Last month, I sat cross-legged on a plush, red pillow in a classroom at Boulder’s Naropa University and pretended that I, like the 18 other people in class, loved psychedelic drugs. We spent the first 10 minutes taking turns saying our names, two words about how we were feeling that day, and naming our favorite psychedelic drug — if we could pick just one. Answers included peyote, San Pedro, LSD, mushrooms, and DMT. To admit the truth — that the extent of my drug use was smoking pot a handful of times — would have been too embarrassing, so I copped out and said, “Oh, I couldn’t pick a favorite.” People smiled and nodded their heads.
We’d gathered for a lesson in psychedelic harm reduction with the Zendo Project
, an offshoot of the Multidisciplinary Association of Psychedelic Studies
(MAPS), created to offer a safe space at festivals for concert-goers having bad trips on illegal drugs. Bad trips — or “difficult trips,” as the group prefers — are usually the result of a first-time user making a rookie mistake: taking too much; not drinking enough water; going without preparation or guidance during the experience; or becoming overwhelmed by too many people, blaring music, and flashing lights. In recent years, young people have died
at music festivals after using imposter synthetic drugs
or from preventable dehydration.
Zendo volunteers, or "trip-sitters," work in tandem with law enforcement, security, and medical groups at the festivals to create safe spaces and care for people who are overwhelmed by the substances they've taken. Together, these groups can de-escalate a difficult trip before it progresses to violence, trauma, or a medical emergency. Amazingly, a little water, a quiet space, and a good listener is often all someone needs to help come back down to earth. With this approach, Zendo and other groups like it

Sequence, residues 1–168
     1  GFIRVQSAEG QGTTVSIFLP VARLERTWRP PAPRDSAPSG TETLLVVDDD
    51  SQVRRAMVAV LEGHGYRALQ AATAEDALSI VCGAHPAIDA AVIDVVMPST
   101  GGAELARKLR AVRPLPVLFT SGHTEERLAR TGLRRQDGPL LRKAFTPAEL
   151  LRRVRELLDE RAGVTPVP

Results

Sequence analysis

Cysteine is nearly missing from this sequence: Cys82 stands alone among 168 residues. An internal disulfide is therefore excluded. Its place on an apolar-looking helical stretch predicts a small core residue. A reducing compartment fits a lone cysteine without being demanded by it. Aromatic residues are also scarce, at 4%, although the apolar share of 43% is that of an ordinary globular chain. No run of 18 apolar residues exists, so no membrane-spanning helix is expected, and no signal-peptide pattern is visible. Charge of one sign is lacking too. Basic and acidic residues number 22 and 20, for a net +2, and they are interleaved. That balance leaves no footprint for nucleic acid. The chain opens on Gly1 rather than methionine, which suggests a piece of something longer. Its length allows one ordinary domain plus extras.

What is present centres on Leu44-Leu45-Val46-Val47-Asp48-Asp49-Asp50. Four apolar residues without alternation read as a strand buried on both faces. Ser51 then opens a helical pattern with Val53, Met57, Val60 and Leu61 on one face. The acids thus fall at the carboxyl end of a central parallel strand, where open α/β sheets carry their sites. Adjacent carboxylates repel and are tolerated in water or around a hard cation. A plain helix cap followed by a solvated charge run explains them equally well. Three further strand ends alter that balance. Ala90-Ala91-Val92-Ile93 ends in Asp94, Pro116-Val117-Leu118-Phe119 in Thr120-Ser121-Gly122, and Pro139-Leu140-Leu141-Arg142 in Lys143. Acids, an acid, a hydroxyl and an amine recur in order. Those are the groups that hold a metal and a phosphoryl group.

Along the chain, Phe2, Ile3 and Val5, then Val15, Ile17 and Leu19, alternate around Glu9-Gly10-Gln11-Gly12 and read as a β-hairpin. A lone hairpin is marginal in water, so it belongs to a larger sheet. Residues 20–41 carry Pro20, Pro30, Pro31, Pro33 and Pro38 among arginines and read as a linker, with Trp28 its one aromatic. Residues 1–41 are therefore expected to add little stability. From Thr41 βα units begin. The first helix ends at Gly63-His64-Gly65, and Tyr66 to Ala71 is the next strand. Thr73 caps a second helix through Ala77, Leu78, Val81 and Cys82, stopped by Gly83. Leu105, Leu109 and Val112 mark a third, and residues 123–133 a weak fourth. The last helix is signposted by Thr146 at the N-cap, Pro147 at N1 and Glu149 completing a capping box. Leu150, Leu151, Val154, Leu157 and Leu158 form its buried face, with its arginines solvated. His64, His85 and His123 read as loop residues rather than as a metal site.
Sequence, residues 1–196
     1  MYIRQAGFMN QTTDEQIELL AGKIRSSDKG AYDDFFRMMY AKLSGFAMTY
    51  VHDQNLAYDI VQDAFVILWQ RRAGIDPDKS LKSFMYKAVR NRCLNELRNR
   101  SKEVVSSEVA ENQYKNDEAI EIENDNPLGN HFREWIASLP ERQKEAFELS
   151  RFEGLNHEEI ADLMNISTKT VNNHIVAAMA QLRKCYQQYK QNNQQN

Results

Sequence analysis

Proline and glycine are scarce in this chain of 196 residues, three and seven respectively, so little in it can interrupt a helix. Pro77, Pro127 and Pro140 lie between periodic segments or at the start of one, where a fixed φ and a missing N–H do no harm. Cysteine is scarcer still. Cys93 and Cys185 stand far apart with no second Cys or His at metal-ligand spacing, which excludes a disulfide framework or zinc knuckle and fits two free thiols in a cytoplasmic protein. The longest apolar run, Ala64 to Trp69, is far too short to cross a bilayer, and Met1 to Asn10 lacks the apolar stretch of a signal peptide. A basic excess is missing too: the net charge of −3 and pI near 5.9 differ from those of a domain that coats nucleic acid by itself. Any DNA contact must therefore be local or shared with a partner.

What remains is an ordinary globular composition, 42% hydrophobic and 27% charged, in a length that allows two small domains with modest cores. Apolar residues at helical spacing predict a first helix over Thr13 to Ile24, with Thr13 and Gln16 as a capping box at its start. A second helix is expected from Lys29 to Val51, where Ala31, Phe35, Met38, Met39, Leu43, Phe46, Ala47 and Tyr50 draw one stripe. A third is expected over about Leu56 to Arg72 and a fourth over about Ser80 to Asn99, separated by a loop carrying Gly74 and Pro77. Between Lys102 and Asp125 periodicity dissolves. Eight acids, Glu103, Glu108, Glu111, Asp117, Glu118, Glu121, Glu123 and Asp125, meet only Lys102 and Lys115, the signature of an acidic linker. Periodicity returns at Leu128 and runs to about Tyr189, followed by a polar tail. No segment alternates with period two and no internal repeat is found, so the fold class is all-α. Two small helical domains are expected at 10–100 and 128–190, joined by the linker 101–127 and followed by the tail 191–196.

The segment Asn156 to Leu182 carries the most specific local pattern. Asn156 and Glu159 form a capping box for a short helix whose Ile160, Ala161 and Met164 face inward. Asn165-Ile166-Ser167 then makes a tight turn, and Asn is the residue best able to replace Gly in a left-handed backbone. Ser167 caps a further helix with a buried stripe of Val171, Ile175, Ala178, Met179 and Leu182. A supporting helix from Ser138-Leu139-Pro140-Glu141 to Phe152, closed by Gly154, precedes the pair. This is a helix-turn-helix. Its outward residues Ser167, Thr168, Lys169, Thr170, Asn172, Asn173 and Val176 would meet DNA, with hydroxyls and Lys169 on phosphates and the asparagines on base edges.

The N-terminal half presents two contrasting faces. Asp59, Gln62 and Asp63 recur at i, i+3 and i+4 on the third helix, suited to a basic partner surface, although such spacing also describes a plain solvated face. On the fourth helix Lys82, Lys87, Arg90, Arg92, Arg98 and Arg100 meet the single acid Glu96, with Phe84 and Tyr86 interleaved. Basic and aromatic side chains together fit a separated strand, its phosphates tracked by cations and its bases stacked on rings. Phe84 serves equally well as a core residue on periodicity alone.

have saved lives.
However, harm-reduction groups are on legally shaky ground, thanks to a bill introduced in 2003 as the Reducing Americans' Vulnerability to Ecstasy
(RAVE) Act by then-Senator Joe Biden. Later passed as the Illicit Drug Anti-Proliferation Act
, the bill allowed for the prosecution of business owners if they knowingly let people use drugs on their properties. Groups like Zendo could be seen as encouraging illicit drug use just by offering water and support. For that reason, venues have to decide what’s worse: drug-related deaths, or prosecution for trying to prevent them from happening.
Our instructor for the day, Sara Gael, an integrative therapist and project coordinator for the Zendo Project, gave us the insight and training we’d need to volunteer for her organization. Click through to see the seven most important tips we learned for helping someone through a difficult trip.